Nomination Poll

Discussion in 'Nominations' started by MarineDadHopefulNavySon, Jan 22, 2015.

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Is obtaining a MOC nomination necessary when academies are capable of selecting qualified candidates

Poll closed Feb 22, 2015.
  1. Yes

    16 vote(s)
    80.0%
  2. No

    3 vote(s)
    15.0%
  3. Unsure

    1 vote(s)
    5.0%
  1. MarineDadHopefulNavySon

    MarineDadHopefulNavySon Member

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    Obtaining a nomination from a MOC is law. But should this law be changed? Should the academies be allowed to select the best possible candidates based on their merits, accomplishments and "whole candidate score." I'm just curious as to what opinion is on a forum such as this.
     
  2. AROTC-dad

    AROTC-dad Just a dad

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    The law ensures geographic diversity, which builds an officer corps that represents the whole of the country.

    Elimination if the law could skew the military leadership toward the most populous, or more wealthy regions.

    The Constitution was written to create representation from the entire country. I believe that our military benefits similarly from the congressional nomination requirement.
     
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  3. falconchic88

    falconchic88 Member

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    +1 gokings, I echo what you stated!
     
  4. JShawshank

    JShawshank Member

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    I agree with gokings814 - I think the current system both ensures geographic diversity and gives SAs the ability to choose those with high WCS regardless of where the candidate lives. Technically there are something like 5,300 nominations from MOCs each year and only ~640 ((435 reps+ 100 senators+ 1 VP (ignoring territories) )* 1.2 appointments/yr/MOC) from MOCs each year per academy. That's roughly half the admitted class. The reps are distributed at approximately 1 per 725 thousand US citizens (316million/435 house reps) so populous states/areas should have more attendees than less populous states with the Senators ensuring a somewhat disproportionate weighting to low population states. Those going into the national pool (i.e., with a nom) should still be representative of the highest WCS candidates available in each district/state and can be selected for appointment without regard to geography. Other nominating sources (Presidential, ROTC, etc.) are not geographically limited which allows for additional flexibility on choosing high WCS candidates. This is somewhat borne out in the numbers if you look at a recent article that showed the distribution of MIDN at USNA by state - CA, TX, MD, VA, FL were top 5 at USNA vs population rank of CA, TX, NY, FL, IL (MD is 19th and VA is 12th by population).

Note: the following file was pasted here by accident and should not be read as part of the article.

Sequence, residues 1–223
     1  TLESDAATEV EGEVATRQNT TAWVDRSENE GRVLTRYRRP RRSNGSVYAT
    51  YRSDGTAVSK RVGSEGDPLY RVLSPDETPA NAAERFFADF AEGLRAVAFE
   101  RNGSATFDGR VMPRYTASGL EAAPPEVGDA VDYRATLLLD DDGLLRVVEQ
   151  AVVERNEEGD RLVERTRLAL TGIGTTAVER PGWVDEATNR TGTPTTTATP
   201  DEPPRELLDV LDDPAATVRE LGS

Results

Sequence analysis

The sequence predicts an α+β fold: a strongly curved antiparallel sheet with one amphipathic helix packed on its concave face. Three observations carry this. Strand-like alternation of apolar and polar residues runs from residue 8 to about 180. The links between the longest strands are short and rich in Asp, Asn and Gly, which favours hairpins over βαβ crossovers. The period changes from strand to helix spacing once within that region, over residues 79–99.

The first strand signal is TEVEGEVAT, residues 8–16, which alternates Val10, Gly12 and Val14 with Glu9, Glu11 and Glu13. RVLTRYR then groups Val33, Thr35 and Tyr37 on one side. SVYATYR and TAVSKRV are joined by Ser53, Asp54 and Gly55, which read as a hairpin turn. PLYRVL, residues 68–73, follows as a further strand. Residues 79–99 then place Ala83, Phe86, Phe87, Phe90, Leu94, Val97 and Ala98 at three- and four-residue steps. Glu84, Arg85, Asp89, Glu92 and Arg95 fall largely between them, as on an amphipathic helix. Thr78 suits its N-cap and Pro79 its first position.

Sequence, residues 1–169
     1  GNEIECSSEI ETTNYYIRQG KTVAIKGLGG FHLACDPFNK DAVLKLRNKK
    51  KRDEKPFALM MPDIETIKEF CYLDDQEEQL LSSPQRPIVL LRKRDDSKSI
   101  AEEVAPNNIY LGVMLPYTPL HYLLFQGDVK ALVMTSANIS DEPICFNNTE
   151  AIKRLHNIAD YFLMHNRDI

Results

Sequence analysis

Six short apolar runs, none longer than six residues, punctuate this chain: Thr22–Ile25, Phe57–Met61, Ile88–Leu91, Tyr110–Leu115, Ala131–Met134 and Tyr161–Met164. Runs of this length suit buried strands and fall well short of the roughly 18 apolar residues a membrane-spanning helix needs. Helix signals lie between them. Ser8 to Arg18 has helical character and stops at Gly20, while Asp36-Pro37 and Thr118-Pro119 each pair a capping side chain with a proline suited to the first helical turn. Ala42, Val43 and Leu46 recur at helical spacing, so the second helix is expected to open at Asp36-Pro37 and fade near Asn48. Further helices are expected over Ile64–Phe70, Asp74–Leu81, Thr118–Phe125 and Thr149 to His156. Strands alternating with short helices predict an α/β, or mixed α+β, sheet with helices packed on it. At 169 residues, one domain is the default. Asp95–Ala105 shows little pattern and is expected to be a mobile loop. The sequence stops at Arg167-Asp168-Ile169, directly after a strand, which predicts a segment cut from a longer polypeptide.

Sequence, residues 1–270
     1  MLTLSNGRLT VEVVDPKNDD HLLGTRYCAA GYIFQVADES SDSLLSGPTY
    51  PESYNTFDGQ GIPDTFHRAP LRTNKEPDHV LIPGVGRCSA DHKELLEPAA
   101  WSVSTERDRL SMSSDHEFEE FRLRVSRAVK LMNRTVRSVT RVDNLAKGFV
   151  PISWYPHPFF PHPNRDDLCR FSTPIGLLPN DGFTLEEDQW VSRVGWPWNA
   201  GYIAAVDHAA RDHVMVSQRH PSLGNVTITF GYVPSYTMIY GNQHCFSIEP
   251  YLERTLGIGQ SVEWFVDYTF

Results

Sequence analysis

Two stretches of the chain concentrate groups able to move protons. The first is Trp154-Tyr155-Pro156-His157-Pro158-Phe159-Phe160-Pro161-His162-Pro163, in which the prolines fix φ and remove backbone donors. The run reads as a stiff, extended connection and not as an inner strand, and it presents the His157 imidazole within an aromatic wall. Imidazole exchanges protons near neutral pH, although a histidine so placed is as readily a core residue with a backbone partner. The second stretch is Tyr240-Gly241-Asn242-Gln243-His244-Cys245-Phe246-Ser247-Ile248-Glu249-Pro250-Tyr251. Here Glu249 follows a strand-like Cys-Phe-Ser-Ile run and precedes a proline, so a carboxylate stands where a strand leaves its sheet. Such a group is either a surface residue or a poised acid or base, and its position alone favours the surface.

Very long winded but gives some support to the current system, in my opinion.
     
  5. Kirkmanj

    Kirkmanj Member